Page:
04-22-2012 03:40 AM
I have t-values for mean returns and actual values of mean returns fo r20 countries, and have calculated averages of the country returns. Is it possible based on the t-values I have to calculate t-values also for the average returns, or do I have to code it earlier?
04-23-2012 03:30 AM
Just the t-statistic I get from testing whether the returns are statistically different from zero. Using:
proc means mean t - approach. So I'm just wondering if I can take an average of the t-statistics as well, or is it statistically impossible?
04-23-2012 03:48 AM
I think you should firstly test your data (return) to see whether it conform NORMAL distribution, because t is based on NORMAL distribution, and also should use non-parameter method to test it again to make the result is reliable .
04-23-2012 09:22 AM
I've done normality testing using proc univariate normal, and the Shapiro-Wilk values are on 99% of the cases over 0.90. Most are somewhere close to 0.98. I think this is enough to know that it's close to normal, right? Am I able to get the t-statistic averages now somehow?
04-25-2012 01:53 AM
By the way, These return is time serial data ?
Normal Test required these data (i.e. observations) is independent for each other .
So I am not quite sure if it is right to do so. Maybe you need some statistician ,especially for the time serial analysis .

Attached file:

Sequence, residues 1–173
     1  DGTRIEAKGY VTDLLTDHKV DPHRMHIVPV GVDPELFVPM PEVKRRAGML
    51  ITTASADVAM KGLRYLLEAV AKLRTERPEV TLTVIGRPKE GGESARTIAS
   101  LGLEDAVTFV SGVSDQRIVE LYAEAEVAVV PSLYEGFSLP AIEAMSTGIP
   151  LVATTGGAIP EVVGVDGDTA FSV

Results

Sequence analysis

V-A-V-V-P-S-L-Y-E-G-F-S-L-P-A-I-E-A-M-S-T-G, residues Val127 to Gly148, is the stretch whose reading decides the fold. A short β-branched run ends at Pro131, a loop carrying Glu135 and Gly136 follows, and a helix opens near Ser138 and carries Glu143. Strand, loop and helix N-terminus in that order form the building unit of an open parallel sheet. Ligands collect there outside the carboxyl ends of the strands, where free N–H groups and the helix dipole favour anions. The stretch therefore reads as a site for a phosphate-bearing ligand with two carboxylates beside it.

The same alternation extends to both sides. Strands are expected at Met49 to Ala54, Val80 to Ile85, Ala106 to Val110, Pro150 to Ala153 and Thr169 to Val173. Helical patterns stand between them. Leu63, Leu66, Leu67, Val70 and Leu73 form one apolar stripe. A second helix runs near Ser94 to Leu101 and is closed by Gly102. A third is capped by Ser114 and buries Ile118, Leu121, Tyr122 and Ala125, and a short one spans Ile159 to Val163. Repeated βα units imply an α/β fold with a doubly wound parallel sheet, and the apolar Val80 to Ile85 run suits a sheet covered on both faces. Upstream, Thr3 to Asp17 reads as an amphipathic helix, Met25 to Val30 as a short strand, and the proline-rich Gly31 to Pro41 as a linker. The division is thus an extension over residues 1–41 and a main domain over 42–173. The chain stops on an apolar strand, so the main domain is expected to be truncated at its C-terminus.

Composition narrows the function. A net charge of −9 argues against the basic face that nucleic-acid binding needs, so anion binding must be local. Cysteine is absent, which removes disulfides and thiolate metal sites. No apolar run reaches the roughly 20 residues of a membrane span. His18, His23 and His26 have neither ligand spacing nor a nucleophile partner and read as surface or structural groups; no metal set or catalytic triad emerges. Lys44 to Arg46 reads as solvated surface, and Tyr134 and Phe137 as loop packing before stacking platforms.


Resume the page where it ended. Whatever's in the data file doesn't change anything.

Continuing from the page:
04-25-2012 09:07 AM
Ksharp is trying to get you on the right track here. If this is time series data, getting a whole bunch of t values, say one for each time point, and then averaging them falls into the category of a very bad idea. First, the values are not independent and have some sort of serial correlation. Second, how could you possibly calculate the correct degrees of freedom to come up with a p value or standardized effect size? I think you need to look at the ETS suite, especially PROC PANEL, if this describes your dataset.
Try this for a start--look at PROC MIXED for a repeated measures analysis, with country and time as CLASS variables. Your model should include the interaction between these to get separate estimates by country and time. I don't know what the repeated nature of the time variable is like, but an AR(1) structure probably fits if your data are equally spaced in time. It may be heterogeneous by country, so that is something else you will have to investigate. In any case, the Type III tests are "averaged t-tests" in this context. Specific t values can be obtained with an LSMEANS statement.